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bassfreak85

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  1. You have to understand that weight means nothing. The actual purity of the copper and jacket are very critical. Look at this chart. http://www.armstrongssupply.com/wire_chart.htm If the wire isn't UL listed I don't car the weight size of circular mill. UL listed wire meets the standards on premium insulation and dissipation properties and true OFC copper. Just cuz it's says ofc does mean it's not Chinese recycled copper. Lol Basically weight and size don't mean much what you want to know is resistance near the wire therminal limit. Like measuring power compression on a voice coil for example.
  2. I'm a certified technician in plc and electrical systems. I've spent over 20 years building testing installing and designing electrical power distribution and control systems from floating offshore rings to power plants. I want to start with a simple topic. That's debated and I'm just down-right tired of the misconceptions. STRAND COUNT- Higher strand means lower resistance in the same gauge and results in higher ampacity(how much current can flow for a given voltage drop). This is completely false. Soil wire of the same circular mill vs high strand count will have both less resistance and higher ampacity. Think about this. Why would 200,000$ Industrial load centers waste time with solid busbar and not just use heavy jacketed high strand wire? 3 apparent reasons. Termination and ampacity heat dissipation. Termination meaning you get the best contact area and you can get consistent torqued connections. This is VERY important in long term connections where thermal expansion occurs. 2 solid busbars have considerably higher ampacity. The election flow flows much better in solids. 3 dissipation, the bars are exposed to air and any cooling installed rids the heat substantially faster. Strand count is only advantage is flexibility. If you have a 1/0 wire that has a 200 strand count(thhn) it's circular mill is 325 to meet the nec standard of 1/0 wire. Welding wire has near 3000 strands and in order to meet the same standard needs to be nearly 400 circular mill. Same for car audio wire. It needs to be neat 450 circular mill. So knowing that now you understand why welding cable 2/0 fits into car audio 1/0. Fyl weling cable 2/0 will carry about 40 mores amps over the same distance with the same voltage drop. Gonna keep this short and sweet. Fusing is for safety. It is not over current protection. You fuse to the maximum ampacity of your wire and you wire for 125% of you loads ampacity. Do this and you will never have issues. Voltage drop is defined buy the wires resistance and the current in the circuit. It's that easy. Also in a DC circuit the length of both the ground and power wire are factored in. 4ft power and 3 foot ground is 7ft.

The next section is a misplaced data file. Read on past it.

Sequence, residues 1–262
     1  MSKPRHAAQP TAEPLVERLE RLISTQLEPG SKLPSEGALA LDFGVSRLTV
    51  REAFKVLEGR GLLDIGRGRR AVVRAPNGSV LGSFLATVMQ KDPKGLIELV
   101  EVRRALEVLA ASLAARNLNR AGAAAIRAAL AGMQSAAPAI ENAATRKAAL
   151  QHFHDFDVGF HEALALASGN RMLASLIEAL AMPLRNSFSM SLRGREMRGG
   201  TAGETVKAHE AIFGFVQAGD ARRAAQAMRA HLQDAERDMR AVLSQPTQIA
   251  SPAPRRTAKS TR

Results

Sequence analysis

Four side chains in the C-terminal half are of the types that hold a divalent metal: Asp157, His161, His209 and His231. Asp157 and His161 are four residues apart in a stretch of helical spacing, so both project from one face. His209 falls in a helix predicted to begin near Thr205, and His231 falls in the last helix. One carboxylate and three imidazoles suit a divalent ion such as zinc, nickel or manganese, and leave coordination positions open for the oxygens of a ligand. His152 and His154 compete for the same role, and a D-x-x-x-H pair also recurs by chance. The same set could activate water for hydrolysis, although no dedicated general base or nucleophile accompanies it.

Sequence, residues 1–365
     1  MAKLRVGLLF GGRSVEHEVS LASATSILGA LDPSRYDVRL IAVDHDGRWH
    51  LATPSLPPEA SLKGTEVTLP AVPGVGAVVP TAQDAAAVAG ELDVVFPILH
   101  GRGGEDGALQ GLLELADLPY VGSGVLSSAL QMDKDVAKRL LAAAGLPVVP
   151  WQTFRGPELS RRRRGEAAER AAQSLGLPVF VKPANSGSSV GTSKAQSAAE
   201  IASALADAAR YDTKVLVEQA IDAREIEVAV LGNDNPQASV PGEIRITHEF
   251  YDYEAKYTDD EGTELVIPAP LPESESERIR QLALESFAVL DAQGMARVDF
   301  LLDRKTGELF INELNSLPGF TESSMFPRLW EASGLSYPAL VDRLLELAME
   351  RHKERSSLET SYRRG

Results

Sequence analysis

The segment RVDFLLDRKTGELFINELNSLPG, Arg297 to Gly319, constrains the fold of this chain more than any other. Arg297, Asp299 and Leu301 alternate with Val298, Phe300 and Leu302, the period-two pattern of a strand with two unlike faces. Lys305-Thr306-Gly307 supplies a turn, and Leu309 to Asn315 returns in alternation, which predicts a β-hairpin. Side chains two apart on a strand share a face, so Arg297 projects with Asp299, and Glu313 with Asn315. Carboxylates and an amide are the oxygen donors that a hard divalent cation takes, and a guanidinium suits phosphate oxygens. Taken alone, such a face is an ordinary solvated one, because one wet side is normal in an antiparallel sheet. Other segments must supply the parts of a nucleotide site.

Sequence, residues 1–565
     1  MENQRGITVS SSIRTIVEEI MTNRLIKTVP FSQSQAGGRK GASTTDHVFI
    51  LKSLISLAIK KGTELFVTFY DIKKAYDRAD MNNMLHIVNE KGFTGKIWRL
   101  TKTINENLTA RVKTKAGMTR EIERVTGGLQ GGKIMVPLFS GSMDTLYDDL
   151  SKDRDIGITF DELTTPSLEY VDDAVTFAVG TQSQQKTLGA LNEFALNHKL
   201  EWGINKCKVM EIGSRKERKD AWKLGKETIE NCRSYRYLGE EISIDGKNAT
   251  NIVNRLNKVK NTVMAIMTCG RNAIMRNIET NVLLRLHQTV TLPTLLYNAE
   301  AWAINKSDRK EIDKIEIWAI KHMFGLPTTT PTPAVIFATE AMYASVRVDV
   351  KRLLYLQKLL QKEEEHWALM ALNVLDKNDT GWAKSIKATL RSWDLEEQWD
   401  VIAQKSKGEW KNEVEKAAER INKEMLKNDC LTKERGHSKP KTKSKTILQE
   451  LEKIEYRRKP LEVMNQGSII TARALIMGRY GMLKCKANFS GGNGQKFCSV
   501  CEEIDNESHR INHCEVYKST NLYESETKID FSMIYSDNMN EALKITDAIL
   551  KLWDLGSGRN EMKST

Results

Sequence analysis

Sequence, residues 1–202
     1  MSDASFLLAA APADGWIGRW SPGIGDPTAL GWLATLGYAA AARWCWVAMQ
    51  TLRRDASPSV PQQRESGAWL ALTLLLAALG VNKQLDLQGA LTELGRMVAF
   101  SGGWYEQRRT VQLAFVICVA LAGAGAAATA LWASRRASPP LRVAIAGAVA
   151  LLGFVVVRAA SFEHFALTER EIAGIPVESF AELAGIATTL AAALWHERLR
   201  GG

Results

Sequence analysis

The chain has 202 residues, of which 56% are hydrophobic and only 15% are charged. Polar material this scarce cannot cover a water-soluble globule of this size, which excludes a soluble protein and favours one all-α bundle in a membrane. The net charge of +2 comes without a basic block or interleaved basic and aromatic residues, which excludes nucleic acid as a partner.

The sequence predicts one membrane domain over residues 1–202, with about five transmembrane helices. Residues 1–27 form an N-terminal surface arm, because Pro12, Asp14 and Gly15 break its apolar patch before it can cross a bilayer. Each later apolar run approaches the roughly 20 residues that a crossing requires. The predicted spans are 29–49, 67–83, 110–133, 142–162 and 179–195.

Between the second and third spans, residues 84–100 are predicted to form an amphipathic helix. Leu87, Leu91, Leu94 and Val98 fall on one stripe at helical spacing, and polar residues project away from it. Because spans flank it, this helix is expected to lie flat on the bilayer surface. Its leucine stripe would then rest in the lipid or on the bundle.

3. you have plenty space what are you looking to accomplish? i could suggest something but it might not be what you like. the best advice i can offer is to get phasing close to coupling around a centered frequency as you can. be more specific as to what your trying to accomplish.
  4. without know the drivers parameters you might as well build a 10 cubed box for 1 and work your way down.. or order this lil fucker and you can have an idea of what you need..http://www.parts-express.com/dayton-audio-dats-v2-computer-based-audio-component-test-system--390-806 for 100 bucks you cant really go wrong
  5. what are your maximum dimensions? what is it going it? how much power you have and what type of response are you looking for?
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